By Ben Tavener, Senior Contributing Reporter
SÃO PAULO, BRAZIL – Brazilian President Dilma Rousseff promised to overhaul the country’s public services and political system in response to grievances voiced by demonstrations that saw over a million people on the streets last month. Although the government was swift to address the issues raised, few tangible results have yet been seen.
While a flurry of proposals and new laws have been brought, it remains to be seen if Congress is willing or able to enact major changes to address the country’s call to task.
Some measures have been successfully passed: a hike in bus fares sparked the protests was revoked, toughening anti-corruption laws and promising vast new investments for public services bought the government extra time on other proposals.
Many of the reforms and new bills that were initially triumphantly rushed into government are now stuck in the treacle of government debate, with Brazil’s sixteen-party coalition seemingly split on how to proceed.
A debate over exactly how much of the forecast pre-salt royalties should be divvied up between education and health is still being fought; plans to bring in thousands of foreign doctors have seen the sector up in arms; and there is also no decision in sight over whether election campaigns should be funded with public or private cash.
One of Rousseff’s biggest gambles, plans for a constitutional assembly and plebiscite on wide-ranging political reforms – originally trumpeted as the government’s most obvious way of acting on public input, has seen little progress and brought division to the government.
Other proposals also appear to b stalling, such as an initiative making it easier for the public to introduce legislation, and reducing the number of cabinet ministers from the current 39 to something less unwieldy.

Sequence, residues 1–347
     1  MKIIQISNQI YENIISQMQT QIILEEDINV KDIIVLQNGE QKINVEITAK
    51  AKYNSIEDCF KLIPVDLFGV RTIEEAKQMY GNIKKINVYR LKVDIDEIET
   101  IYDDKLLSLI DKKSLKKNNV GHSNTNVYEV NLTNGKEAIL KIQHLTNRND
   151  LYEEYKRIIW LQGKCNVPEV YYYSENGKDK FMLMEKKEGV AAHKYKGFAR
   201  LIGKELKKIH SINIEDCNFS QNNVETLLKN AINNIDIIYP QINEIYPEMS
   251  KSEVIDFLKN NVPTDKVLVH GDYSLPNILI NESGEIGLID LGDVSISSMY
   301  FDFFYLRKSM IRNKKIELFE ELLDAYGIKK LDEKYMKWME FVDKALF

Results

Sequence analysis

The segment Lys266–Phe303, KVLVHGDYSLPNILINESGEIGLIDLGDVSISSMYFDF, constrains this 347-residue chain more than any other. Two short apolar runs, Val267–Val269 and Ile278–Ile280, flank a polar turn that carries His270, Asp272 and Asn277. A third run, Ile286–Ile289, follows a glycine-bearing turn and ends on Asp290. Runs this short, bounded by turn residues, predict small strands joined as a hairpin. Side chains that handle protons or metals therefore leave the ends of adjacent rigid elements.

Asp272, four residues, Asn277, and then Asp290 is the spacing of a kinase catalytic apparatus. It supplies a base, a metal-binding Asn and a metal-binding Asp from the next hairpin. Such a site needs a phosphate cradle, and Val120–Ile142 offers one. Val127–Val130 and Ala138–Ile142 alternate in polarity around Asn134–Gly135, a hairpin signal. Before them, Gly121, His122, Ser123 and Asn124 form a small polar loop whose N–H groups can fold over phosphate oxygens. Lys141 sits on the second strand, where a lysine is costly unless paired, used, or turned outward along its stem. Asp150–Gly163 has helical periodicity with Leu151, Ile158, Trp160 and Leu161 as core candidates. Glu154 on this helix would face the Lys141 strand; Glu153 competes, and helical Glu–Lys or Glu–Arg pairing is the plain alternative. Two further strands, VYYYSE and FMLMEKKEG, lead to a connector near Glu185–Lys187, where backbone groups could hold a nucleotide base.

It is still unclear what will happen with the countrywide protest movement that caught the government so off-guard, but Maria do Socorro Sousa Braga, a political scientist from the Federal University of São Carlos (UFSCar) in São Paulo, says two debates currently stuck in government are probably the most crucial:
“Firstly, the vote on the end of secret voting in Congress, given many of the protesters are demanding great transparency in politics, the greater the access to information on politicians’ actions the more the population will feel more in control and as if their voice has been heard. Second, the vote over the destination of oil royalties to education or health, which could help placate the middle classes,” Ms. Braga tells The Rio Times.
It appears likely Brazil will have to wait for any results, as Congress is now scheduled to embark on its lengthy mid-year recess, and pressure on the government is likely to dwindle even further with progress on a number of the disputed reforms being put back until August at the earliest.
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